Calls and reports from family members seeking to learn the fate of their disappeared loved ones often do not result in any serious action. Numerous reports and complaints have surpassed the  ten-year mark without any investigation conducted. Dozens of people were disappeared following the dispersal of Rabaa al-Adawiya sit-in of August 2013.  Among those forcibly disappeared over prolonged periods are Amr Ibrahim Metwally, disappeared since the July 2013 Republican Guard Headquarters clashes[30] and Khaled Hafez Ezzeldin, disappeared since the al-Manassa events of that same month and year.[31] The whereabouts of former parliamentarian Mustafa al-Naggar remain unknown since his September 2018 disappearance.[32]

Rights of prisoners

Regarding the rights of prisoners, the National Strategy for Human Rights considered Egyptian prison regulations as an additional guarantee of these rights, along with Article 56 of the constitution. The SSCHR report further considered the issuance of Law No. 14 of 2022, which amended the Prison Organization Law, as a positive development in penal philosophy.[33] Human rights organizations condemned this amendment as formal and limited to linguistic changes that aim to give a false impression of reform being instituted in Egypt’s prisons. An alarming deterioration has been witnessed in prisons over the past years, including deliberate medical neglect, torture, ill-treatment, and deprivation of the right to exercise and visitation.[34]

According to the SSCHR report, prisons or “correctional and rehabilitation centers” are indicative of the state’s efforts to continually modernize and develop prison facilities. Yet prisoners continue to face the same violations and arbitrary punitive measures even after they are transferred from prisons to new rehabilitation centers. Following a transfer from Tora High Security Prison to the New Badr Prison, the prison administration continued to deprive some prisoners of their right to visitation and communication with the outside world.  They also continued to treat detained persons in a humiliating manner[35], as exemplified by the sexual harassment of political prisoner Amr Ali in the presence of the investigation inspector of Badr Prison. [36] In 2022, 45 persons died inside prisons, including five who died in October and November 2022 as a result of medical negligence inside the Badr Correctional and Rehabilitation Center.[37]

Egyptian courts deliberately obfuscate the reality about conditions and violations in prisons. The courts further undermine the rights of detainees to a fair trial as exemplified by the issuance of decision No. 8901 of 2021 by Minister of Justice Omar Marwan.[38] Judges were henceforth allowed to hold pretrial detention renewal sessions remotely,[39] depriving detainees of their right to appear before, and speak directly to, a judge, while also depriving them of their basic right to direct and private communication with their lawyers. Following the decision’s implementation, human rights organizations documented legal violations where judges deliberately cut off contact with detainees as soon as they complained about detention conditions or recounted the violations they were exposed to inside the prison.[40] In February and March 2023, the Badr Court canceled the pretrial detention renewal sessions for detainees in Badr Prison (3), for what it claimed were technical reasons. The cancellation coincided with the initiation of a widespread  hunger strike by detainees. Detainees also repeatedly attempted suicide in prison, in reaction to miserable conditions and the denial of visitation.[41]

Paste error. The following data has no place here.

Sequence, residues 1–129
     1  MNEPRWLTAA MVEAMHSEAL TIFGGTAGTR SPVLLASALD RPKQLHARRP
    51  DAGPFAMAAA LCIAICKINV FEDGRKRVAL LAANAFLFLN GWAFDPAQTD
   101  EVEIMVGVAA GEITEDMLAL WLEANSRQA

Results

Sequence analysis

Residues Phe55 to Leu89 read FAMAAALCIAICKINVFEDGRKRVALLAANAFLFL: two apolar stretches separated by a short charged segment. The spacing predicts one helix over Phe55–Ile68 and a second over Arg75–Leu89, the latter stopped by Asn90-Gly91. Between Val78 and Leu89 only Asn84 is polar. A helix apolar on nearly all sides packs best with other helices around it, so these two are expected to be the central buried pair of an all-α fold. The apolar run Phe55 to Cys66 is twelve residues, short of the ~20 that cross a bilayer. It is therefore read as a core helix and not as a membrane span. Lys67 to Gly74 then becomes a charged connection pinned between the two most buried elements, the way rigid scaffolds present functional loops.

The national human rights strategy and SSCHR report praised the National Council for Human Rights and the public prosecution for monitoring detention centers and inspecting their conditions. These visits, however, were proven to be formalities only, devoid of any genuine monitoring of conditions. Given that such visits are carried out in a scheduled or prearranged manner, and not by surprise, they have not resulted in any change or development in penal philosophy. The National Council for Human Rights is prohibited from conducting surprise visits to prisons, while local or international human rights organizations and UN committees are barred from inspecting prison conditions. The monitoring of prison conditions is limited to the public prosecution, which deliberately neglects investigations into crimes of torture.

Right to due process and fair trial guarantees

Egypt’s national human rights strategy fails to take into account all laws and amendments that have eroded judicial independence and impartiality.[42] The SSCHR report praised Sisi’s decision to cancel the state of emergency on 25 October 2021[43] as a step towards strengthening fair trial guarantees,[44] while deliberately ignoring all data and developments that have effectively rendered this decision void.